The Daily Breeze website announced the Pulitzer Prize earned by reporter Rebecca Kimitch, city editor Frank Suraci and reporter Rob Kuznia.
A true gem
I once worked with a young journalist who was like one of those puppies in a litter that always did something to catch your attention — she was bright.
If she didn’t know something, she would find out about it. She was a hard worker. She was a person who would naturally draw others to her. She was also feisty. If you were her supervisor, you’d better be on your toes.
Her name is Rebecca Kimitch, better known as Becca. On April 20 it was announced that Becca, along with fellow Daily Breeze reporter Rob Kuznia and city editor Frank Suraci, earned a Pulitzer Prize for their extensive series about possible corruption in the Centinela Valley Union High School District in Los Angeles. The Daily Breeze is a 63,000-circulation daily newspaper in L.A.’s South Bay area, part of the Los Angeles News Group.
The paper is not widely known outside its area of coverage, and has to compete in a crowded L.A. market flooded with media of all types. The Breeze had never been awarded a Pulitzer before, so this was huge, even drawing coverage by the Los Angeles Times.
Both the Times and the Breeze reported that the individual prize winners graciously credited their executive editor, Michael Anastasi, for urging them to push toward greater heights as they worked on the six-month coverage. Furthermore, the newspaper’s staff is not large; a true testament to how resources can be utilized to accomplish great things.
Anastasi’s insistence to keep up the top-notch coverage had to be measured against the need to allocate reporters to other community news. Their reporters could only be stretched so far. It’s a news management dilemma familiar to all editors.
Diamond in the Rough
I first met Becca when I interviewed her for a position at a small newspaper group comprised of community weeklies in San Diego. I believe she said her brother was a reporter in New Mexico and that she wanted to try her hand at journalism, too. She had no experience, but she had a solid degree from Northwestern. I did what I often did. I suggested she get a hold of a few Journalism 101 books and an AP Stylebook to learn some fundamentals. I promised her nothing, but encouraged her to contact me when she felt she was ready, and I would interview her again, quizzing her on the basics. If her knowledge was up to par, I would get her started on a freelance assignment.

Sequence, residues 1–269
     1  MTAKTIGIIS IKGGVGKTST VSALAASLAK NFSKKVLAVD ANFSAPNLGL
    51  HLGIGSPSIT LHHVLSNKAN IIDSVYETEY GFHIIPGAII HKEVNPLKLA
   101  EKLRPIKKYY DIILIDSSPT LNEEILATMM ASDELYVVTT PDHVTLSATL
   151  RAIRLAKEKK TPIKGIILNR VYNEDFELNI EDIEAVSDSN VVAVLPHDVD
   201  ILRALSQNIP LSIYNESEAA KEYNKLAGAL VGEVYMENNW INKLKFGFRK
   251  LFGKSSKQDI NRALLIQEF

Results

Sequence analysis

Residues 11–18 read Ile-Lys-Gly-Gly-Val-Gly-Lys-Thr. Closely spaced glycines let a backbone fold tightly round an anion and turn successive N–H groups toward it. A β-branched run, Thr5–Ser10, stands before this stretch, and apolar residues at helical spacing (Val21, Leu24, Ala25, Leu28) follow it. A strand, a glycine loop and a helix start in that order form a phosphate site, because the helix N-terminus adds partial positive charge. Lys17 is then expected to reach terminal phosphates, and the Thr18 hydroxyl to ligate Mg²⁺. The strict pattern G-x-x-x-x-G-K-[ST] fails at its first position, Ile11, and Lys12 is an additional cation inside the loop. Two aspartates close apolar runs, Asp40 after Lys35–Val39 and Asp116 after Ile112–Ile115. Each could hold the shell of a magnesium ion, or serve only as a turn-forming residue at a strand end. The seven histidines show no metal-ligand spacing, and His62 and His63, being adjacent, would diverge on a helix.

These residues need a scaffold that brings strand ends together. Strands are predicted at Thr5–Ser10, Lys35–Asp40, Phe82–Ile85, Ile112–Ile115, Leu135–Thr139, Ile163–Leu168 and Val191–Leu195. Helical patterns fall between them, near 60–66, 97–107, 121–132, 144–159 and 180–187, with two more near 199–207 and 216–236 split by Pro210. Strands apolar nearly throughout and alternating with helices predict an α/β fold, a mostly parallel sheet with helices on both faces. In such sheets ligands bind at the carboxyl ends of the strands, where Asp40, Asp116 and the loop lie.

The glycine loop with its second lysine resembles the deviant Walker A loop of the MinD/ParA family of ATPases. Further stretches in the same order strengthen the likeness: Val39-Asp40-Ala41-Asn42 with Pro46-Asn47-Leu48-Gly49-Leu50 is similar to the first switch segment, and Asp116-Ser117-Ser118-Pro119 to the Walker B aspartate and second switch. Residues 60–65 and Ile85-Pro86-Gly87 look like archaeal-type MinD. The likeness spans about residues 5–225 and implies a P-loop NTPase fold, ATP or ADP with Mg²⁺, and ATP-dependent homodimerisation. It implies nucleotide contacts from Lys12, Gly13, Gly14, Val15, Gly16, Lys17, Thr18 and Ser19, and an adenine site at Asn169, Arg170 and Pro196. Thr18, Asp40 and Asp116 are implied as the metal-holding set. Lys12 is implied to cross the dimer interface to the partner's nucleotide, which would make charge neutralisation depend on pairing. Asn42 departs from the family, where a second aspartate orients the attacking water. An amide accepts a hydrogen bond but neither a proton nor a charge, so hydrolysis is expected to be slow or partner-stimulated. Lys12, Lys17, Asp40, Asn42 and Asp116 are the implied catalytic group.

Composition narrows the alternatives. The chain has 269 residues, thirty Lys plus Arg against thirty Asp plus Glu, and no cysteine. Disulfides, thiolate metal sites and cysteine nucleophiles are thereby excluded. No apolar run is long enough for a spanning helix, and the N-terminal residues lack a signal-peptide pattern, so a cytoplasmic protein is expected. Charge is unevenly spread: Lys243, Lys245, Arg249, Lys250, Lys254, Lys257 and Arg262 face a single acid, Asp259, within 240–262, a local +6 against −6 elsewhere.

I had suggested the same to many people aspiring to become journalists, but very few followed up. I hoped she would take my advice, but I wasn’t holding my breath. Nearly two months passed and Becca contacted me again. I had forgotten all about her by then, and was surprised to hear from her. We met, and sure enough, she was well versed on the fundamentals. I offered her a freelance story and she was off to the races. She became one our full-timers before the end of the year, working beautifully with our other staff members and becoming a respected reporter within the communities we covered.
Becca left our paper to join the staff at the Tico Times in Costa Rico. As I recall, Becca was still discovering what she wanted to do in life, and she traveled a bit, getting many chances to use her Spanish language skills. Being drawn to politics, she worked for a while at Congressional Quarterly in Washington, D.C., before accepting a fellowship at the U.S. House of Representatives. Becca wound up in Los Angeles and, in spite of fierce competition for newspaper jobs, landed a spot with the Los Angeles News Group.
Her journey has often been difficult, but she is one of the few who have stuck with newspapers these days and climbed to success, bringing glory and fame to her publication. Becca has been a reporter, editor and, now, a Pulitzer Prize winner. Needless to say, we are all very proud of her.
‘The Becca experience’
I was rebuilding a staff when Becca came along. I had to get my news department stabilized so we could turn our attention to launching a new paper. Most of the time we had people waiting in line to work for our newspapers. It was like being on one of those college football powerhouses that have waves and waves of talent waiting for their chance. I’m sure that being based in beautiful San Diego had something to do with so many wanting to join our company. But at that time we were experiencing a drought of talent. It was a time when most new journalists wanted to join the dot.com companies that were trendy back then. Becca wanted to be a newspaper reporter. She was one of the great finds who blossomed into a talented, tenacious journalist, and a polished writer. I was certainly grateful she turned up when she did.
Allow me to highlight the lessons from the “Becca experience.” 1. Hire intelligent, skilled employees who are also good, decent people.
4. When you lead a newsroom, you must stick to your guns and see your decisions through. Set the standard for your team and make sure your team understands your vision. In this case, Daily Breeze executive editor Michael Anastasi did this exactly by having his staff continue with the detailed school district coverage, and it paid off. City editor Frank Suraci obviously played an important role as well.
I must point out that, although I have had the honor to work with so many wonderful people during my career, Becca is truly one in a million. Given half a chance, she will always succeed. She earned everything she has, and she deserves all the credit and fame that a Pulitzer brings.